Further, the defence ministry has already revealed full details of the Rafale purchase. On September 23, 2016 – after then defence minister Manohar Parrikar inked an Inter-Governmental Agreement with his French counterpart, Jean-Yves Le Drian, while officials signed commercial components of the Rafale contract – a top defence ministry official conducted an off-the-record media briefing, giving out minute details of the Rafale contract.
Based on that briefing, the media reported widely the details that the government now calls confidential.
In Business Standard (September 24, 2016 “India signs euro 7.8-billion deal for 36 Rafale fighters”) it was reported that the average cost of each Rafale was fixed at Euro 91.7 million (today Rs 740 crore). At that price, 36 bare-bones aircraft cost Euro 3.3 billion (today Rs 26,610 crore).
With Euro 1.7 billion more (today Rs 13,710 crore) for India-specific enhancements to the fighter, the cost of 36 Rafales added up to Euro 5 billion (today Rs 40,318 crore). That means each Rafale fighter cost Euro 138.8 million (today Rs 1,120 crore).
Cost breakdown of 36-Rafale contract
Details of expenditure
Cost of aircraft
Single-seat Rafale fighters
28 @ Euro 91.07 million each
Euro 2.55 billion
Twin-seat Rafale fighters
8 @ Euro 94 million each
Euro 0.75 billion
Helmet sights, radar receiver, radio altimeters, Doppler radar, cold start
Euro 1.7 billion
Total cost of 36 fighters
Euro 5.0 billion
Cost per fighter
Averaging for single/twin seaters
Euro 138.9 million
Cost of weaponry
Including Meteor, SCALP missiles
Total cost of weapons, mainly from French firm, MBDA
Euro 700 million
Spare parts and items
Needed to keep aircraft flying
Euro 1.8 billion
Performance based logistics
Guarantee of 75% availability
Euro 350 million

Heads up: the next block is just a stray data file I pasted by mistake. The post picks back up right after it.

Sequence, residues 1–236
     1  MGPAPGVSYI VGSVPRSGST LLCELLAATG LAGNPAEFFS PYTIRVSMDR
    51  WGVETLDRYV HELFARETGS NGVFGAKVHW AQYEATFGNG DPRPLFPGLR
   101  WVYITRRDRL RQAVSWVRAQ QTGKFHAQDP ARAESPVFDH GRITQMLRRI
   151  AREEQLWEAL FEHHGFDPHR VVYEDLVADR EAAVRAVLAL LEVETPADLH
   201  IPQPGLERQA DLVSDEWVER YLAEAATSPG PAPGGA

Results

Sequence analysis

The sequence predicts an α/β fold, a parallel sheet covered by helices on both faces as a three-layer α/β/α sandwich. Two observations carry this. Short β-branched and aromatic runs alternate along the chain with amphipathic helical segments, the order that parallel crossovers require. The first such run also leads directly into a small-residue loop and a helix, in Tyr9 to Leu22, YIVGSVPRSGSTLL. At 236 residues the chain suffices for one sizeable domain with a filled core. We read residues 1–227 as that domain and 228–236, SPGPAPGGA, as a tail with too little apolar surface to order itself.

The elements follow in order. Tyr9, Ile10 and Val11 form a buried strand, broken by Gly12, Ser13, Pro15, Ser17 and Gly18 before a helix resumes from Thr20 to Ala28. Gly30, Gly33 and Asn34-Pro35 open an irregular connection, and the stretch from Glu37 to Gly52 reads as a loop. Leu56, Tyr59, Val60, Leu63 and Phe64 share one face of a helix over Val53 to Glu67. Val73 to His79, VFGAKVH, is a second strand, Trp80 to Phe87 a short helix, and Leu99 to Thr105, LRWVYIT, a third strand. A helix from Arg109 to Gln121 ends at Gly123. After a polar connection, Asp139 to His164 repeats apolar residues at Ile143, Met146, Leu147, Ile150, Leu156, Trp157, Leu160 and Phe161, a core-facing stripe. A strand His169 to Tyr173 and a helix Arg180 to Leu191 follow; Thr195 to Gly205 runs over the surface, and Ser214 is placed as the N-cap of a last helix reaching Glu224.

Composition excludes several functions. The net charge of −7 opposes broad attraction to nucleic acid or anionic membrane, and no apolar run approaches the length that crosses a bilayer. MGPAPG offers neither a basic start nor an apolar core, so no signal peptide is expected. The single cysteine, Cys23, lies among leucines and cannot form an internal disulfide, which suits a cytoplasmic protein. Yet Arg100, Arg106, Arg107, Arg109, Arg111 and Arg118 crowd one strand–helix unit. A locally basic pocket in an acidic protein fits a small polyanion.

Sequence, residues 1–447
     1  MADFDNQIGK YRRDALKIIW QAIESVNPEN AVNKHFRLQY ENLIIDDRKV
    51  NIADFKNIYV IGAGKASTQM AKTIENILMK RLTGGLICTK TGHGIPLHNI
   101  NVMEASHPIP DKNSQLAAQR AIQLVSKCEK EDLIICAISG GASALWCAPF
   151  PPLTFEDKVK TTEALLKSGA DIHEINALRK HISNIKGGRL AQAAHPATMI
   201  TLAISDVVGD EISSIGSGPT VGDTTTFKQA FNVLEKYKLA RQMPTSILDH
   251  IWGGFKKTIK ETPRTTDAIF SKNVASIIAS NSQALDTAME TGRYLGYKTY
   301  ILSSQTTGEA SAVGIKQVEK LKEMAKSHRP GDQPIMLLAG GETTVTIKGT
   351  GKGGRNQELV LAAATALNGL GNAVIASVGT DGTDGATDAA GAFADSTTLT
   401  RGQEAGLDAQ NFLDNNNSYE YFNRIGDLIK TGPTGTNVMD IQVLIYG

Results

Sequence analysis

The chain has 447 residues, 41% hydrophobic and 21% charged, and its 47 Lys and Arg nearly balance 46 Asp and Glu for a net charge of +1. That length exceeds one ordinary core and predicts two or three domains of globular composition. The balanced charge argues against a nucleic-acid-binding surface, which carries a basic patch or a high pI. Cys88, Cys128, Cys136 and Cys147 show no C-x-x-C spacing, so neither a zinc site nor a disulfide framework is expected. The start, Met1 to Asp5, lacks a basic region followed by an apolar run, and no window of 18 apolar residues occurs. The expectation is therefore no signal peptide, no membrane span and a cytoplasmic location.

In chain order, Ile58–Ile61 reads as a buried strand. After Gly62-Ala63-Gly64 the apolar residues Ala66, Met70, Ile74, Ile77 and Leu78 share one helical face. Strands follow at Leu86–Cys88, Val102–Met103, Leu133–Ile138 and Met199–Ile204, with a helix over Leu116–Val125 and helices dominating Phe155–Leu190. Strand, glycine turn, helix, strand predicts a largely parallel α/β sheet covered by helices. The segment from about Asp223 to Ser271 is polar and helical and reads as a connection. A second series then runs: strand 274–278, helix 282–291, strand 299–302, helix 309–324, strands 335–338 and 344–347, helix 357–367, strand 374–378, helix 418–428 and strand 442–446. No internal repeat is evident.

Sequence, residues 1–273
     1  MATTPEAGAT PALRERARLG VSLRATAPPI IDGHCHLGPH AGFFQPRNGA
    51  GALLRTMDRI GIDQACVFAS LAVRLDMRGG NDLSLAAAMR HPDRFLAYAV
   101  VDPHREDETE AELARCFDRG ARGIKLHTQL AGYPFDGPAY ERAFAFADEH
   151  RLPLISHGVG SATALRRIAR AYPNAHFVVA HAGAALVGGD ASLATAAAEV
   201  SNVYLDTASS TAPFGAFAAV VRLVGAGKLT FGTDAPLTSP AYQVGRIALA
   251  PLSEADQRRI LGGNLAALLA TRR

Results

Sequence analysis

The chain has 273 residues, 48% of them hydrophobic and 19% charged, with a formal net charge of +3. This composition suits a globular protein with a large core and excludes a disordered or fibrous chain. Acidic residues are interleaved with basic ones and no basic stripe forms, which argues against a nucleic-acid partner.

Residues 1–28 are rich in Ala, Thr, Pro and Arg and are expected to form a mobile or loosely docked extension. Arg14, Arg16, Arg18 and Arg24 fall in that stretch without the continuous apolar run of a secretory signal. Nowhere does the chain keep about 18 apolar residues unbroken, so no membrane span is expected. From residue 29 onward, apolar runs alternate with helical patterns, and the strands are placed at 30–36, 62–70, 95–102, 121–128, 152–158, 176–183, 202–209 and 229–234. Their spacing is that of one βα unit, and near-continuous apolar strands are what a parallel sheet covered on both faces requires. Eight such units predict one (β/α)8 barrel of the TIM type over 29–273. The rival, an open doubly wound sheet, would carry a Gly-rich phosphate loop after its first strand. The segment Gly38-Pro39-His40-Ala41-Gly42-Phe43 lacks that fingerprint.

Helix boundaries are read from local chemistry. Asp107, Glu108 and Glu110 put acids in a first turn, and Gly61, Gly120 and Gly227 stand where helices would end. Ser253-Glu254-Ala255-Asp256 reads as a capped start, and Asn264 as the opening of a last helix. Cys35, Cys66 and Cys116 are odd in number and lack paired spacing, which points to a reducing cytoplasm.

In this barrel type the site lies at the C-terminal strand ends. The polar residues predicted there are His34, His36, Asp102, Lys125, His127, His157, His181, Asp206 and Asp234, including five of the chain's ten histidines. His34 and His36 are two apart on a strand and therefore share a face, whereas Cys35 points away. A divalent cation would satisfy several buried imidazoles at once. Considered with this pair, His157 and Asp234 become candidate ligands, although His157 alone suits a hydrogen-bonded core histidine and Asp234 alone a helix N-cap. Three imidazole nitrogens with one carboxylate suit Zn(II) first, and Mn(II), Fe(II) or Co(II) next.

Aircraft cost plus add-ons
Euro 7.85 bn
The ministry provided extensive details of the India-specific enhancements, which included “helmet mounted display sights” that allow pilots to aim their weapons merely by looking at a target; a “radar warning receiver” to detect enemy radar and “low band jammers” to foil it; a radio altimeter, Doppler radar and extreme cold weather starting-up devices for airfields like Leh.
The ministry official said another Euro 2.8 billion were paid for spares worth Euro 1.8 billion (today Rs 14,500 crore), weaponry worth Euro 700 million (today Rs 5,645 crore), and a logistics package of Euro 350 million (today Rs 2,822 crore) that requires the French to ensure that at least 75 per cent of the Rafale fleet is available at all times for the next five years.
Further details were provided. The defence ministry said the weapons package includes Meteor “air-to-air missiles” that can shoot down aircraft 120-140 kilometres away. Also being provided was the Storm Shadow cruise missile for striking airfields, military headquarters and strategic infrastructure 500 kilometres away.
It was also revealed that the first Rafale must be delivered within 36 months, i.e. in September 2019. Dassault is to execute the entire order within 67 months, which means the last Rafale must join the IAF by April 2022.
The defence ministry also gave out details of the payment schedule. The IAF was required to pay a 15 per cent “signing advance” of about Rs 8,700 crore today. Another 25 per cent was to be paid in 2017. The balance amount would be paid over the coming years at stipulated delivery milestones.